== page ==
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Publication numberUS7480374 B2
Publication typeGrant
Application numberUS 10/345,168
Publication dateJan 20, 2009
Filing dateJan 16, 2003
Priority dateJan 16, 2003
Fee statusPaid
Also published asUS20040141607
Publication number10345168, 345168, US 7480374 B2, US 7480374B2, US-B2-7480374, US7480374 B2, US7480374B2
InventorsDouglas H. Rollender
Original AssigneeAlcatel-Lucent Usa Inc.
Export CitationBiBTeX, EndNote, RefMan
External Links: USPTO, USPTO Assignment, Espacenet
Emergency service call back to a ported number
US 7480374 B2
Abstract
An emergency routing number (ELRN) is assigned to each switch in a wired communication network. When a switch of the wired communication network routes an emergency call to a Public Service Answering Point (PSAP), the switch sends the ELRN as the calling party number and provides the PSAP with a hardware identifier (HID). The HID identifies, at the switch, the landline connecting the switch to the wired phone initiating the emergency call. If the emergency call drops, the PSAP performs a call back using the ELRN as the called party number. The switch that routed the emergency call to the PSAP receives the call back. The PSAP also sends the HID to the switch. When a switch receives its ELRN as the called party number, the switch recognizes an emergency call back situation and routes the emergency call back on the landline identified by the HID.
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Claims(23)
1. A method for assigning an emergency routing number, comprising:
assigning an emergency routing number to a switch in a wired communication network for use as the calling party number of emergency calls routed to a Public Service Answering Point (PSAP) by the switch, the emergency routing number being such that a call routed to the switch including the emergency routing number as a called party number is recognized by the switch as an emergency call back based on the emergency routing number without retrieving an identifier of a mobile station; and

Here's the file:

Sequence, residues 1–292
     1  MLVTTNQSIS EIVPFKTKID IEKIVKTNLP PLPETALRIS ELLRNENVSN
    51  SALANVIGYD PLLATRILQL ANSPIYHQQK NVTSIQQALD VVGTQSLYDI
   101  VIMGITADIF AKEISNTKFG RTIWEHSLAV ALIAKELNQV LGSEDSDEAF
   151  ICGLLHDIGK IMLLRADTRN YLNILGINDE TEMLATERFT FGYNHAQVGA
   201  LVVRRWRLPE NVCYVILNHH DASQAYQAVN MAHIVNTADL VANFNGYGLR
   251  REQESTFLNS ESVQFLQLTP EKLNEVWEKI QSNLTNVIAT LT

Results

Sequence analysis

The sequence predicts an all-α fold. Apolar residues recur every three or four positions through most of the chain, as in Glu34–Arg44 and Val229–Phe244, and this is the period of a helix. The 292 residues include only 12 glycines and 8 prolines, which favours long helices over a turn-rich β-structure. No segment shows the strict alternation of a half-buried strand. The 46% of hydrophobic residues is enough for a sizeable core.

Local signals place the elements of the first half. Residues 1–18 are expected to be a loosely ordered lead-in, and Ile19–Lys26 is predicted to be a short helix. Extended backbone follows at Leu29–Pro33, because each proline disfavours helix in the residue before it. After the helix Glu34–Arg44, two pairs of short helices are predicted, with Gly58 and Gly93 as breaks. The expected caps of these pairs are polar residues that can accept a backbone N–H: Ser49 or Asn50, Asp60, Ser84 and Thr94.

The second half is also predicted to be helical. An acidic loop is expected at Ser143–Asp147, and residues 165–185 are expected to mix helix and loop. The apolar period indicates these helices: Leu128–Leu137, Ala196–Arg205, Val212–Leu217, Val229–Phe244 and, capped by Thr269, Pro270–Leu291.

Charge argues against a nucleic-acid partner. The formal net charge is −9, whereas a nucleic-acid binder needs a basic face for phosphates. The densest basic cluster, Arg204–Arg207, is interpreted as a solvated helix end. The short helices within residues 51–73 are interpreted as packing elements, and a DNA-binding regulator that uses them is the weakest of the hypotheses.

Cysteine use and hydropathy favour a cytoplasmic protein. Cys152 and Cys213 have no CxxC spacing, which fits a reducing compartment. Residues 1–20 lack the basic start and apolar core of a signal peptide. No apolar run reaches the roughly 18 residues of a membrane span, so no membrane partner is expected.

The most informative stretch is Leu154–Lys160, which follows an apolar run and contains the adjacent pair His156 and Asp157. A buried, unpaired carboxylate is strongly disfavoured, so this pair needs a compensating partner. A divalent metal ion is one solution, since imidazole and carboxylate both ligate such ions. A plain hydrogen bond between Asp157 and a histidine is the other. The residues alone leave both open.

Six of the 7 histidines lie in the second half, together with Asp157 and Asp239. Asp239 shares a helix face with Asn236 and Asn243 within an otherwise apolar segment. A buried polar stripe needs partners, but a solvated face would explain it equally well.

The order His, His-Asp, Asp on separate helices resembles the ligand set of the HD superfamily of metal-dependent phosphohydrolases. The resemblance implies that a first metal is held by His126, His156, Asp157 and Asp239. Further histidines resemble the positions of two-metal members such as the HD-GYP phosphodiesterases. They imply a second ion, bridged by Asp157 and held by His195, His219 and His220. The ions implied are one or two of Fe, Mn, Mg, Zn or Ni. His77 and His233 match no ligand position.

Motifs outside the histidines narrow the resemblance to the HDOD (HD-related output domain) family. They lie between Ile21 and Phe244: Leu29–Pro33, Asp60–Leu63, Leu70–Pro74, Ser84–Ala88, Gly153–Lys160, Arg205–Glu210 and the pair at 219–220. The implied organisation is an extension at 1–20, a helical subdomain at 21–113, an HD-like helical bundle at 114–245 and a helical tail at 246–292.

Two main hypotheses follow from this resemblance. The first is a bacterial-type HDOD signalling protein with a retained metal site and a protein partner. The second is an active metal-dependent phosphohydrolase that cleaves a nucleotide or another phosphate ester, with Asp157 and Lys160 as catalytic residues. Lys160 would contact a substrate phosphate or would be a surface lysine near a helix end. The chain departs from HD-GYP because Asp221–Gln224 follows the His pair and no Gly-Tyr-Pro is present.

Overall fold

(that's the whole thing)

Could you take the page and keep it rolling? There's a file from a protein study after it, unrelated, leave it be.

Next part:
identifying a hardware identifier at the switch, the hardware identifier identifying the landline connecting the switch to the wired phone initiating an emergency call.
2. The method of claim 1, wherein the assigned emergency routing number is not portable.
3. A method for supplying information associated with an emergency call, comprising:
sending an emergency routing number and a hardware identifier to a Public Service Answering Point (PSAP), the emergency routing number being the emergency routing number of a switch in a wired communication network handling communication needs of a wired phone initiating an emergency call and being such that a call routed to the switch including the emergency routing number as a called party number is recognized by the switch as an emergency call back based on the emergency routing number without retrieving an identifier of a mobile station, and the hardware identifier identifying, at the switch, the landline connecting the switch to the wired phone initiating the emergency call.
4. An emergency call back method, comprising:
receiving, at a Public Service Answering Point (PSAP), an emergency routing number of a switch in a wired communication network handling communication needs of a wired phone initiating an emergency call, the emergency routing number being such that a call routed to the switch including the emergency routing number as a called party number is recognized by the switch as an emergency call back based on the emergency routing number without retrieving an identifier of a mobile station;